Museums matter

If you think of museums as rare or irrelevant, you might want to think again. In Central Arizona alone (including Gila, Maricopa, Pinal and Yavapai counties) there are close to 100 diverse museums, according to the Central Arizona Museum Association (CAMA).

Hopi Katsini Doll at The Heard Museum

The largest museums in this region include the Phoenix Zoo, the Desert Botanical Garden, the Arizona Science Center, the Heard Museum and the Phoenix Art Museum. Not a bad “to do” list if you’re eager to enjoy some boredom busters with your family once school lets out for the summer.

Plenty of folks have discovered the magic of museums. Consider the results of a 2006 CAMA survey revealing that 4.5 million visitors enjoy Central Arizona museums each year.

The survey also notes the economic impact of museums—which at the time of the survey had a combined operating budget of $57 million dollars and a combined number of 762 full-time employees.

Here’s a bit of nifty museum math for you…

Desert Botanical Garden Flashlight Tour

CAMA compared their annual number of visitors (4.5 million) to the total number of attendees at major sporting events during the same period (per the Greater Phoenix Economic Council).

Turns out Central Arizona museums welcomed more people than the Arizona Diamondbacks, Phoenix Suns, Arizona Cardinals and Phoenix Coyotes combined.

National studies (reported by the American Association of Museums) show similar findings. Seems there are nearly 850 million visits to U.S. museums each year, but just 478 million attendees at all the country’s professional sporting events and theme parks combined.

Hanging Drum from Japan at the MIM

Now if only we could get our local schools to invest in arts classes and performing arts spaces with the same fervor we’ve long had for sports equipment and athletic facilities.

Museums matter in all kinds of ways.

They inspire us. Cause us to question. Give us reason to pause—or to pick up the pace. They educate us, bring us together, help us heal and offer hope. They help us express the ways we feel unique as well as the ways we strive to be similar.

A more recent study, conducted by AAM in 2009, demonstrates that “a third of US museums are always free to the public” and that “more than 97% of the rest offer discounts, special fee schedules, or free admission days.”

Hands-on activity at Arizona Science Center

Only a small percentage receive federal funding, so admissions fees and contributions are essential to keeping museums alive.

What might we lose in the absence of museums? How about the more than a billion objects our museums protect and preserve each year. Think of it as cultural hoarding—in a good way.

And what have we to gain by their ongoing presence?

The AAM notes that museums nationwide employ “as many as half a million Americans” and “contributed approximately $20.7 billion dollars to the US economy in 2008.”

Arizona Doll & Toy Museum

Museums, according to the AAM, rank “among the top three family vacation destinations.” The U.S. Travel Association reports that “trips including cultural and heritage activities comprise one of the most popular and significant segments in the travel industry.”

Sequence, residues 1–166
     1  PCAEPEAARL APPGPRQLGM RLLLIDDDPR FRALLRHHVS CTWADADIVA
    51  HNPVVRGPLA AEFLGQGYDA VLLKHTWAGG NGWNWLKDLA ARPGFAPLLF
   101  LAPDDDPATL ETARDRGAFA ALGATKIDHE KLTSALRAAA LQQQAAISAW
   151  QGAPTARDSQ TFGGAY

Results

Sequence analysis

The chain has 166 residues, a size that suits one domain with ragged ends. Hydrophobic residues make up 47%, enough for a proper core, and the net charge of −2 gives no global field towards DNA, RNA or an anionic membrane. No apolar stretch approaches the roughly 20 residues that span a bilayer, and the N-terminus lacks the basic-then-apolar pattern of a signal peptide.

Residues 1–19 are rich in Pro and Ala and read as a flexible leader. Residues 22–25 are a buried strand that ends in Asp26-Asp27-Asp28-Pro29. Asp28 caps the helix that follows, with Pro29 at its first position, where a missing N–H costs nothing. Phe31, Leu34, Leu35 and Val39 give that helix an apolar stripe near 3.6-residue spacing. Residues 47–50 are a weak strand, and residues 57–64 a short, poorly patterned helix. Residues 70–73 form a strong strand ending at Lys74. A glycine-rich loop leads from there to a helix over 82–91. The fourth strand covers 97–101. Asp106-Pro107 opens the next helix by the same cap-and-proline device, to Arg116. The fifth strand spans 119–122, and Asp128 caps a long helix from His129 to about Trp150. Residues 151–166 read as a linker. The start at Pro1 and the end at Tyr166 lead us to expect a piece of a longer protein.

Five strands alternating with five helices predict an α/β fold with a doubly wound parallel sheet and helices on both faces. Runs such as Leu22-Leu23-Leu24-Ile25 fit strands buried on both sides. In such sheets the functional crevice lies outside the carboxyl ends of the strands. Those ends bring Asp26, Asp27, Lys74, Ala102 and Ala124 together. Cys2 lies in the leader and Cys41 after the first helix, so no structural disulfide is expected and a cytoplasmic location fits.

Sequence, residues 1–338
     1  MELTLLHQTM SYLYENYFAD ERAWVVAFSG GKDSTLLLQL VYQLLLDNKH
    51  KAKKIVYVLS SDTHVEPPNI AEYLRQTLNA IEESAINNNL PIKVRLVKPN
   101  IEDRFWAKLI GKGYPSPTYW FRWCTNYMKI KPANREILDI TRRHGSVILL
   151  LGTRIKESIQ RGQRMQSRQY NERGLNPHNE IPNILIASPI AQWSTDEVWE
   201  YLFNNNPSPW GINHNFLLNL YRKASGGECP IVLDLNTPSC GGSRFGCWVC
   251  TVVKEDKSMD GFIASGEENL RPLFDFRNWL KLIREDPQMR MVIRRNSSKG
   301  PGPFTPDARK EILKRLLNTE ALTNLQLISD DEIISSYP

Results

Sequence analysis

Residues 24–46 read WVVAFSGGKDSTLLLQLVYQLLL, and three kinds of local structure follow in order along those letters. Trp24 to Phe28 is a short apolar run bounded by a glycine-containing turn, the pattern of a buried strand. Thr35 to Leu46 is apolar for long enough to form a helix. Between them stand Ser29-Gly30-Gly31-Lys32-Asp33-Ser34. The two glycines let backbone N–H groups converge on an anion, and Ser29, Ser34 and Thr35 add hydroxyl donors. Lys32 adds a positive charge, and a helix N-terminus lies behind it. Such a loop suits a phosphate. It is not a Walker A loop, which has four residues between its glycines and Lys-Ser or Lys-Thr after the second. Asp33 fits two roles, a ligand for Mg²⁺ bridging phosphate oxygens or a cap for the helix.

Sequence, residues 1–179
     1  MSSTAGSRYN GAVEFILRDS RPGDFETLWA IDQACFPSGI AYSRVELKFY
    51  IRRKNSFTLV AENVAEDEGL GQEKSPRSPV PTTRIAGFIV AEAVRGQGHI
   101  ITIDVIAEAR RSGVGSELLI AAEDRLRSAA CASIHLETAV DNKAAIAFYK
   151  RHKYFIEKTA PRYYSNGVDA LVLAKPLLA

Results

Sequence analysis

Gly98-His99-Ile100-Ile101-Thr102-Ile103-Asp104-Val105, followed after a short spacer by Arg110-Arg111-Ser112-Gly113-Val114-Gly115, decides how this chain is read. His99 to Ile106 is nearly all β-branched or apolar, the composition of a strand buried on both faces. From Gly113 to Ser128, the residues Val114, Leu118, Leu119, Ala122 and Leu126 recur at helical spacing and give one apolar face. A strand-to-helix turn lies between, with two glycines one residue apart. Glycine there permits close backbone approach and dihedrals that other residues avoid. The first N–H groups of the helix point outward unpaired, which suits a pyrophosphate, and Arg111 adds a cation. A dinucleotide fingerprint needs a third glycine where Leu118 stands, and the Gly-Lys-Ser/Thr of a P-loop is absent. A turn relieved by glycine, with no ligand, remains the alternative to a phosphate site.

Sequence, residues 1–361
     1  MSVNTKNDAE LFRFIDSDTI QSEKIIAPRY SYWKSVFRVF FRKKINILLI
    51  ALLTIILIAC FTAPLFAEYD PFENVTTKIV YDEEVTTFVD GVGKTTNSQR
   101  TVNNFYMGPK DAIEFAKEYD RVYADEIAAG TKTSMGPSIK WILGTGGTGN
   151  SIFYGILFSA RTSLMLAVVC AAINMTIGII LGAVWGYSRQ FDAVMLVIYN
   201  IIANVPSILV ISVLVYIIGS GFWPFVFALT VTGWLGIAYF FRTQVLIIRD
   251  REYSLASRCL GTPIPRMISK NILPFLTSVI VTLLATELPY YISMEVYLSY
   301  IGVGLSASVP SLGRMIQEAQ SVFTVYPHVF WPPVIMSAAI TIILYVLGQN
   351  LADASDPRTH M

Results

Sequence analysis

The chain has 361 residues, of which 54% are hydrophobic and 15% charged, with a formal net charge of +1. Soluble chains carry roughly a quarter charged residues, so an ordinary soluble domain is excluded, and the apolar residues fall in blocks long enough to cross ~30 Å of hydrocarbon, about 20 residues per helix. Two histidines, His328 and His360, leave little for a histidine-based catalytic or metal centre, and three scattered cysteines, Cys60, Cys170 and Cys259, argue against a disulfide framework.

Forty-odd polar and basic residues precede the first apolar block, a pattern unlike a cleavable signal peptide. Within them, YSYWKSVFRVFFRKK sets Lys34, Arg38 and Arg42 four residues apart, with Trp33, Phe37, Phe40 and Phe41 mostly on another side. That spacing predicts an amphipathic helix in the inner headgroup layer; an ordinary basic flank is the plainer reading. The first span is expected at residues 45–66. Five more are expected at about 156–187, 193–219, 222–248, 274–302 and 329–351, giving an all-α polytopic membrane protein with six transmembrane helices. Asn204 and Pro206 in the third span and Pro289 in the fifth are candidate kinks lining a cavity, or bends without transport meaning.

Seems they account for 23% of all domestic trips. And that visitors to “historic sites and cultural attractions” stay 53% longer and spend 36% more money than other types of tourists. Clearly, supporting our local museums is a great way to boost the economy so intertwined with each of our lives.

I don’t suppose they’d let me write in a little something today when I go to cast my vote on “Prop 100”–more support for museums and cultural facilities wouldn’t be a hard sell in these parts, given the way the arts have enriched the lives of each of my three children and our family experiences as a whole.

Arizona Natural History Museum

The U.S. Conference of Mayors considers museums “critical to the quality of life and livability of America’s cities.” The non-profit arts and culture industry generates more than $116 billion dollars in economic activity each year—as well as supporting more than 5.7 million full-time jobs. Reports show that the industry “returns over $12 billion in federal income taxes annually.”

The AAM notes that “governments which support the arts on average see a return on investment of over $7 in taxes for every $1 that the government appropriates.” Sounds like just the opposite of what happens at my house. For every $7 we invest in our teens, we’re lucky to see even $1 head back our way.

More fun at the Arizona Science Center

Support our local museums. You’ll learn cool stuff. You’ll make fun memories with your kids. You’ll meet other folks who care about arts and culture. You’ll discover neat classes and summer camp options. You’ll support our local economy. You’ll have fun. You’ll make a difference.

Museums matter, and so do you…

–Lynn

Note: Today is International Museum Day, so it’s the perfect time to explore a museum with friends or family. Feel free to comment below to share tips with other readers for enjoying family museum time.

Coming up: How museums contribute to education, Theater camps gear up for summer, Family drama “Broadway” style

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One response to “Museums matter

  1. I support Prop 100 and will vote a resounding YES this morning. I hope everyone else will too! It will make a huge difference for education, and will not be a noticeable difference for those who go out to eat, or go shopping for clothing. (1 penny on a $10 check!)

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